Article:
“Its sort of a test – I read somewhere that if you really think you’re going over the edge the first thing you lose is your sense of time. With your eyes shut you can’t tell 25 seconds from 5…”
– Frank Murphy
Just as highlighted by its opening message – The hardware depicted in this movie is real and in use in the United States today – nowhere was this more applicable than the showcasing of a cutting-edge digital watch. The Dual-Layer Casio represented advances in real-world technology that would define the 1980’s as an era of innovation thanks to movies like Blue Thunder.
Model AA-85 would be thrust into moviestardom out of necessity rather than anything so calculated as product placement, however. In fact, Casio, having been at the forefront of the digital revolution since 1957, apparently had no involvement with the picture and therefore did not endorse use of their product for the screen. Nevertheless, the script required lead character Frank Murphy to sport a cutting-edge stopwatch and Director John Badham needed a quick solution –
“This was my own Casio watch – I found it would come up with that little weird countdown – and it was always Dan O’ Bannon’s idea that somebody trying to test his sanity would see if he could tell time with his eyes closed…”
Although Badham has repeatedly stated he donated his own watch it would appear (based on the evidence above) that he merely recommended use of the same model. To distinguish it from the factory version Murphy’s watch would be fitted with a replacement lizardskin strap and worn over a military-style green sweatband. The sanity-checking watch was created and a timepiece star was born.
This was not the screen debut of the watch, however, with module 103 (housed in the Casio A201) having appeared in the opening scenes of 48hrs the year before. Setting the precedent for alternative use of its functions for the screen, the demo mode would stand in for Nick Nolte’s wake-up alarm.
The minute increment on the stopwatch for Murphy’s ‘countdown’
With the countdown representing pivotal moments in the screenplay but limited by minimal animation in the existing stopwatch feature, other modes were adapted by the production to make the AA-85 display more dynamic. In other words, the watch does not perform the functions in the same way as shown in the movie. The final effect is actually achieved by holding down the ‘C’ button (bottom left) to advance minutes to set the countdown (notice the seconds in the bottom right of the display remain at 00). The beep effect at five-minute increments was added in post to complete the illusion of representing seconds (see countdown alarm operation below)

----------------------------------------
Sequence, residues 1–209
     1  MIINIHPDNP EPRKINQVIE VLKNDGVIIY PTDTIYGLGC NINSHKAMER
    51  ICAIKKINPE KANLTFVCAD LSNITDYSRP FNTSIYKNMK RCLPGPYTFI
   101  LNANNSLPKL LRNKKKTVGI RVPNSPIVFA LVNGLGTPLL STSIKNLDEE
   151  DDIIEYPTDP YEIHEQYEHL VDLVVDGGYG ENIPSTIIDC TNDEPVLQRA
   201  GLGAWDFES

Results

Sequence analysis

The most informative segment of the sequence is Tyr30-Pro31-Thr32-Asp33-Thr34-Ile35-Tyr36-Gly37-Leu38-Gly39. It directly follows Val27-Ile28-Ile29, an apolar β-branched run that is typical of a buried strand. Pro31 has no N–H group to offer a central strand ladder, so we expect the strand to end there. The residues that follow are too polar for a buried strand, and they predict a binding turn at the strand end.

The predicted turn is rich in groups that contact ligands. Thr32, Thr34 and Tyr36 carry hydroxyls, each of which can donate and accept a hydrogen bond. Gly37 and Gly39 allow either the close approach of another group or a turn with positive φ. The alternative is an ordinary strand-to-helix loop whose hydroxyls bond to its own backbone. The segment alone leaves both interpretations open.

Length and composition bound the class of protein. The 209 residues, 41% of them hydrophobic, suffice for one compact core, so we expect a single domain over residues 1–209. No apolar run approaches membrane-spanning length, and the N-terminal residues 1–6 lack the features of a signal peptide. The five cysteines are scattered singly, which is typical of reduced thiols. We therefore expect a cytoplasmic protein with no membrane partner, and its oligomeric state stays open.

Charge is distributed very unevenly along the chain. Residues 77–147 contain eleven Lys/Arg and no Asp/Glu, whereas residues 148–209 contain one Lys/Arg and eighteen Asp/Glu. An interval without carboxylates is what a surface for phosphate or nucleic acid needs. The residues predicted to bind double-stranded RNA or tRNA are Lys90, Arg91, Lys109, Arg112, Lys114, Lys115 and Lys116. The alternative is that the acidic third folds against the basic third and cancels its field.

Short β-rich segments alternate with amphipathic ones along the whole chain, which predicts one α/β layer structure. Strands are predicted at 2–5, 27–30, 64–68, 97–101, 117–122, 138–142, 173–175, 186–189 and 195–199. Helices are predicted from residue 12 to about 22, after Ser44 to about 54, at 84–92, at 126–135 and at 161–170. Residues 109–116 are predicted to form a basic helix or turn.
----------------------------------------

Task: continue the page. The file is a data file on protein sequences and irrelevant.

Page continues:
The Module 103 Instruction Manual (Click to enlarge)
The sixty-minute countdown display.
(Images: Kung Fusion)
(Images: J. ABmann)
(Images: Kung Fusion)
Due to its brief but memorable appearance the AA-85 has gained cult status and is now coveted by watch aficionado’s and movie fans alike. Though there is nothing to suggest this model was a limited edition, they are nonetheless extremely rare today. The trusty Module 103 was used in several other models released by Casio in the early ’80’s – and most all are referred to as the ‘Blue Thunder’ watch. While this is essentially true, only the AA-85 released in 1981 is the genuine prop used in the film. As for the fate of the screenused piece, it remains a mystery. There may or may not have been a backup maintained by the Wardrobe Dept. but to date it has never appeared at auction and most likely resides in a private collection…